E2033. Large Splenic Masses: Key Imaging Findings for Reaching a Diagnosis
  1. Elliot Fishman; Johns Hopkins Hospital
  2. Linda Chu; Johns Hopkins Hospital
  3. Satomi Kawamoto; Johns Hopkins Hospital
While most splenic lesions (especially incidentally detected lesions) are benign there is often a challenge when a large splenic mass is detected. The range of large splenic masses ranges from benign (cyst) to infectious (abscess) to benign (hamartoma) and malignant tumors (angiosarcoma). In this exhibit we will review many of the key differential diagnosis points that help one differentiate between these various lesions using CT scanning. We will define the role of multiphase imaging as well as 3D post processing in the analysis of these lesions. The role of imaging and its integration with clinical history and presentation will also be addressed. After reviewing this educational exhibit the radiologist will have a better understanding of how to deal with these challenging cases.

Educational Goals / Teaching Points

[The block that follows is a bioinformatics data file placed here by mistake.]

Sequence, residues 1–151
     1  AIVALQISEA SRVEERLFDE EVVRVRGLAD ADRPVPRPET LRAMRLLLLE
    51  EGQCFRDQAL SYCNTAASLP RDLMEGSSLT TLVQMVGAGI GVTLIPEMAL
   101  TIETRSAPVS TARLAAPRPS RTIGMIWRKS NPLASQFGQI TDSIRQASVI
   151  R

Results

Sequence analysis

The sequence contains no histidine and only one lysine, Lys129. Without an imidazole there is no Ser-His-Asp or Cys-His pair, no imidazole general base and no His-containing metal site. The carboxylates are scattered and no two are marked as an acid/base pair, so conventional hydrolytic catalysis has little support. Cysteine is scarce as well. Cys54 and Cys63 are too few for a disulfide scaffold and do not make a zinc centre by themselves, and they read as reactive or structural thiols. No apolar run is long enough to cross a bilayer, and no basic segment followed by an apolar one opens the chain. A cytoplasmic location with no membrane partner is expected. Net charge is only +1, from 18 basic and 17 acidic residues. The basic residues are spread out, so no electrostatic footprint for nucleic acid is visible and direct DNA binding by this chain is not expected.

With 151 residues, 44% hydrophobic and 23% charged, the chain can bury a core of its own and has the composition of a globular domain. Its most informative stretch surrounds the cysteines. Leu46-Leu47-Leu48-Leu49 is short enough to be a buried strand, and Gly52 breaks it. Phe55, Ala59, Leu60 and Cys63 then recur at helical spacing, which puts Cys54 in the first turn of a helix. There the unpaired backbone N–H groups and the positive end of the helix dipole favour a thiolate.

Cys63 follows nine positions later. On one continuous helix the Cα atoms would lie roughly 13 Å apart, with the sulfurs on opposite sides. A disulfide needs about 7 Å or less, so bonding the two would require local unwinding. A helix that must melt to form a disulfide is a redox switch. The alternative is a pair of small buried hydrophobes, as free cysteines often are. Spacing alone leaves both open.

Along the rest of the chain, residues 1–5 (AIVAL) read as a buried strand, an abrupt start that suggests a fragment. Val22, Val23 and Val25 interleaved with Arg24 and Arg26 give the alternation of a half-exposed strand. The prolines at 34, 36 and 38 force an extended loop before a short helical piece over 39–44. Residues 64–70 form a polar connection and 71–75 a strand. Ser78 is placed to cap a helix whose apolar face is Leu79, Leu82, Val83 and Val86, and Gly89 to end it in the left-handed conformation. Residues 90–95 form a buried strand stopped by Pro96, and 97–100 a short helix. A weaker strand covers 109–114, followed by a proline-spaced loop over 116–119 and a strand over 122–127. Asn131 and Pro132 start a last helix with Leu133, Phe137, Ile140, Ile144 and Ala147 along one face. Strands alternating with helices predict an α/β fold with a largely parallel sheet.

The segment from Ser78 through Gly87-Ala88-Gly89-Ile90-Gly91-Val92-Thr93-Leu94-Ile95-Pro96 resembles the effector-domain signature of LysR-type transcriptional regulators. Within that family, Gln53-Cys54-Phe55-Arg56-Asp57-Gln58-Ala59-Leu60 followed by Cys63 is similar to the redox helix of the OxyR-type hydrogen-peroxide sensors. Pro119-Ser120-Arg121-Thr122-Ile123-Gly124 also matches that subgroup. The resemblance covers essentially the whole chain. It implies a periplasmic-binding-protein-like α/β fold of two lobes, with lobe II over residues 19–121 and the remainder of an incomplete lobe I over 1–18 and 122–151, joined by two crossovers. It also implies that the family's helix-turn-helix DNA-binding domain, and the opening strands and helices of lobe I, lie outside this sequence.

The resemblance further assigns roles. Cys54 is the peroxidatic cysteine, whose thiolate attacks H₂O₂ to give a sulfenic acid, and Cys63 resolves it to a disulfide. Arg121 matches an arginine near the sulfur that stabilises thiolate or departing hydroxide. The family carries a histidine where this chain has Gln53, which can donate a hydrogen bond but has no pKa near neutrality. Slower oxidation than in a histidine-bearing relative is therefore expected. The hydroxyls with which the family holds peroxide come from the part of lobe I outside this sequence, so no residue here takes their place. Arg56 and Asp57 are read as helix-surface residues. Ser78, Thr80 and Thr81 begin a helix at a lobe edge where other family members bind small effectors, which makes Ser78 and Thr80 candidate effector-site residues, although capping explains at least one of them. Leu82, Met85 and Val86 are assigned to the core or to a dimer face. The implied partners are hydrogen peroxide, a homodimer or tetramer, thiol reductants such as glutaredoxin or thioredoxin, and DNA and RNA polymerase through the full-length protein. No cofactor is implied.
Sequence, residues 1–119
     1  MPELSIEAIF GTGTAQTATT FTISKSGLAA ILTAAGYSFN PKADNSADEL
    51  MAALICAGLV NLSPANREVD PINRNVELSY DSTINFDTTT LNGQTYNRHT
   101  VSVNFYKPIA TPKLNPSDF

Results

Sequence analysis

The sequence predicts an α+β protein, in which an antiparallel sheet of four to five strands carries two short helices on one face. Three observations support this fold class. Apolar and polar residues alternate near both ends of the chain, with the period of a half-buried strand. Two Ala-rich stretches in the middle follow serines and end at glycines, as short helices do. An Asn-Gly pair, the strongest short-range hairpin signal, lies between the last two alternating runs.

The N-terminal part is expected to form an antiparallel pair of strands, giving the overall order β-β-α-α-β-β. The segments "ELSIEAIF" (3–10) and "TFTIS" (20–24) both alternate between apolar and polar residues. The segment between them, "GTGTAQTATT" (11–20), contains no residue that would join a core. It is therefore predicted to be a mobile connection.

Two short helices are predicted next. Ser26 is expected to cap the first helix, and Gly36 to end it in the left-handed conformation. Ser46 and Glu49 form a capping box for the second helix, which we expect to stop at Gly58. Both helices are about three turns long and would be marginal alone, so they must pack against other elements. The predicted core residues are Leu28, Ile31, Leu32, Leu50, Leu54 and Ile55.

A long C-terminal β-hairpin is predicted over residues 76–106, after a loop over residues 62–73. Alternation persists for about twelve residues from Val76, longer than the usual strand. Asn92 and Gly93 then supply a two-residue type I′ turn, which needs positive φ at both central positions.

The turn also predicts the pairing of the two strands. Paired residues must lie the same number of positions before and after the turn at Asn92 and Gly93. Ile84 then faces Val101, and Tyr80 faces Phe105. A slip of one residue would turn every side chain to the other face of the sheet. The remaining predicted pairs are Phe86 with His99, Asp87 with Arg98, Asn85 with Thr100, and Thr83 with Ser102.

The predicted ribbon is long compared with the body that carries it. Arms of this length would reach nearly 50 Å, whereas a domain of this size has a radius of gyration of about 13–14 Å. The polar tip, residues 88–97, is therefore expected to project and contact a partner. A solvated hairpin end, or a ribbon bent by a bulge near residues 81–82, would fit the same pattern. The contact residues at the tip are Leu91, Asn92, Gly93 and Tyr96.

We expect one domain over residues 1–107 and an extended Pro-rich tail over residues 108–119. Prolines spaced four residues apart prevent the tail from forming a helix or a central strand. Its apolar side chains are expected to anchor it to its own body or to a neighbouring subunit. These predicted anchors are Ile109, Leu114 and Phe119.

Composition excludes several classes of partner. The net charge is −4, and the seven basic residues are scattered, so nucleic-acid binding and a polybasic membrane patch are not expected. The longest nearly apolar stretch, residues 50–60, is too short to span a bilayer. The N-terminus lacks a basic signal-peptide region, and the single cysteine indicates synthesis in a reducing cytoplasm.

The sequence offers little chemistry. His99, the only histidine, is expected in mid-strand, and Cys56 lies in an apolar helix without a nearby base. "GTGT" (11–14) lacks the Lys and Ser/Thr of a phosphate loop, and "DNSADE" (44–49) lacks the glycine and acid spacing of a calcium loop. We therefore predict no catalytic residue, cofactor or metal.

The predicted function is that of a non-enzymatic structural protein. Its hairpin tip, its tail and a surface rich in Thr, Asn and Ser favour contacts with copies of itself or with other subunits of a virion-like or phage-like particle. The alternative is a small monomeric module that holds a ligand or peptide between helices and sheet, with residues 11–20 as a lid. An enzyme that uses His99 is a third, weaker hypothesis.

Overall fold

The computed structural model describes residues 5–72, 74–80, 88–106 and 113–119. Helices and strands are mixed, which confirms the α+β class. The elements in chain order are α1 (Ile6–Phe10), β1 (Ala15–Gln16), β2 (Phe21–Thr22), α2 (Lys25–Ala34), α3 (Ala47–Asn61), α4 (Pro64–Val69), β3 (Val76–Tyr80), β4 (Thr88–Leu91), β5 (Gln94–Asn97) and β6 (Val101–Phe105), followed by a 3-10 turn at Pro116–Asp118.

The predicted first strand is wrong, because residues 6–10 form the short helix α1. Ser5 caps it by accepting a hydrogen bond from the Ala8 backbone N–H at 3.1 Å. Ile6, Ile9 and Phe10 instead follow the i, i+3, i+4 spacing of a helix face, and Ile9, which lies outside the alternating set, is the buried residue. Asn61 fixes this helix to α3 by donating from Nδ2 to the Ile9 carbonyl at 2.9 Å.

1. Understand the spectrum of finding in large (5 cm or greater) splenic lesions 2. Understand the key differential imaging findings to make the correct diagnosis in the majority of casees 3. Understand the role of image post processing in the evaluation of splenic lesions 4. Understand some of the pitfalls in the evaluation of primary splenic lesions 5. Understand the limitations of imaging in the diagnosis of splenic lesions

Key Anatomic/Physiologic Issues and Imaging Findings/Techniques
1. Understand the CT appearance of a range of splenic masses using dual phase (arterial and venous) acquisition 2. Understand the key imaging findings that help define specific masses ranging from epidermoid cysts to hamartoma to lymphoma and angiosarcoma 3. Understand how 3D mapping with CT angiography can be helpful in the analysis of splenic lesions

A well structured and defined analysis of a splenic lesion can help the radiologist in reaching specific diagnosis in the majority of cases. This exhibit will help the radiologist deal with these difficult cases.